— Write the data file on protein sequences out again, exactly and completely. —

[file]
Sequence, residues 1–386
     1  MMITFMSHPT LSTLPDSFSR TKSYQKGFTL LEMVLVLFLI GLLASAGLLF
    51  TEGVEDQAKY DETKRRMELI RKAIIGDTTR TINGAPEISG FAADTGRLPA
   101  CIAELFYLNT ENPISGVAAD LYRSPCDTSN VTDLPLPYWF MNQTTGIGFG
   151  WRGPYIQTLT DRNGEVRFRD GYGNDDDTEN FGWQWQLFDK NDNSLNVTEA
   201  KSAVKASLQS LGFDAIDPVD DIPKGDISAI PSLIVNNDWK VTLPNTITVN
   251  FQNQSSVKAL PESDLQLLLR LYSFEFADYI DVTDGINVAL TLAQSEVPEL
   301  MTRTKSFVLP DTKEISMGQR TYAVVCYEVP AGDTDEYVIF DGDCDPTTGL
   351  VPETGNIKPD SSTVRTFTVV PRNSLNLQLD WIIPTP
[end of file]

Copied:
Sequence, residues 1–386
     1  MMITFMSHPT LSTLPDSFSR TKSYQKGFTL LEMVLVLFLI GLLASAGLLF
    51  TEGVEDQAKY DETKRRMELI RKAIIGDTTR TINGAPEISG FAADTGRLPA
   101  CIAELFYLNT ENPISGVAAD LYRSPCDTSN VTDLPLPYWF MNQTTGIGFG
   151  WRGPYIQTLT DRNGEVRFRD GYGNDDDTEN FGWQWQLFDK NDNSLNVTEA
   201  KSAVKASLQS LGFDAIDPVD DIPKGDISAI PSLIVNNDWK VTLPNTITVN
   251  FQNQSSVKAL PESDLQLLLR LYSFEFADYI DVTDGINVAL TLAQSEVPEL
   301  MTRTKSFVLP DTKEISMGQR TYAVVCYEVP AGDTDEYVIF DGDCDPTTGL
   351  VPETGNIKPD SSTVRTFTVV PRNSLNLQLD WIIPTP